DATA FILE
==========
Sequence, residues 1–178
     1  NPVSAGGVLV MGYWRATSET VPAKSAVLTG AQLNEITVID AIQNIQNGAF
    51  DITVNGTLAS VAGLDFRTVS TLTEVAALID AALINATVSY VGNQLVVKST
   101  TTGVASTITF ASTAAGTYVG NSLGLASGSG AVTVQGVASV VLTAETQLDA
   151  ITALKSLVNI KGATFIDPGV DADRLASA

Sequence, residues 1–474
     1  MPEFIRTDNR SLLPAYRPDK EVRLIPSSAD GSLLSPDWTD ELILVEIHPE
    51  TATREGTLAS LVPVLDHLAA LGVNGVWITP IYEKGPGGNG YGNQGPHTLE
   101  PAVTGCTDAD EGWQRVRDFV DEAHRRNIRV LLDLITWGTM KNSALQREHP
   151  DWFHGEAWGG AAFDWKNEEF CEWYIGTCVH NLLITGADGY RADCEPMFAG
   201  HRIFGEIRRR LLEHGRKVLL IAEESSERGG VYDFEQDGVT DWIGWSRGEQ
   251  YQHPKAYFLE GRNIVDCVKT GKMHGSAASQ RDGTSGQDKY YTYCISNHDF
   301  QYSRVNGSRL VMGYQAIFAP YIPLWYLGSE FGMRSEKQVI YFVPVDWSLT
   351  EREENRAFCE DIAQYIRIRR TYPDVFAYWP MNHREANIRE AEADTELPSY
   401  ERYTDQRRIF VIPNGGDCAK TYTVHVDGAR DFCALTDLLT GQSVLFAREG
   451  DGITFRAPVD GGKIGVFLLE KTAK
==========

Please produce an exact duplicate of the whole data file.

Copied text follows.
Sequence, residues 1–178
     1  NPVSAGGVLV MGYWRATSET VPAKSAVLTG AQLNEITVID AIQNIQNGAF
    51  DITVNGTLAS VAGLDFRTVS TLTEVAALID AALINATVSY VGNQLVVKST
   101  TTGVASTITF ASTAAGTYVG NSLGLASGSG AVTVQGVASV VLTAETQLDA
   151  ITALKSLVNI KGATFIDPGV DADRLASA

Sequence, residues 1–474
     1  MPEFIRTDNR SLLPAYRPDK EVRLIPSSAD GSLLSPDWTD ELILVEIHPE
    51  TATREGTLAS LVPVLDHLAA LGVNGVWITP IYEKGPGGNG YGNQGPHTLE
   101  PAVTGCTDAD EGWQRVRDFV DEAHRRNIRV LLDLITWGTM KNSALQREHP
   151  DWFHGEAWGG AAFDWKNEEF CEWYIGTCVH NLLITGADGY RADCEPMFAG
   201  HRIFGEIRRR LLEHGRKVLL IAEESSERGG VYDFEQDGVT DWIGWSRGEQ
   251  YQHPKAYFLE GRNIVDCVKT GKMHGSAASQ RDGTSGQDKY YTYCISNHDF
   301  QYSRVNGSRL VMGYQAIFAP YIPLWYLGSE FGMRSEKQVI YFVPVDWSLT
   351  EREENRAFCE DIAQYIRIRR TYPDVFAYWP MNHREANIRE AEADTELPSY
   401  ERYTDQRRIF VIPNGGDCAK TYTVHVDGAR DFCALTDLLT GQSVLFAREG
   451  DGITFRAPVD GGKIGVFLLE KTAK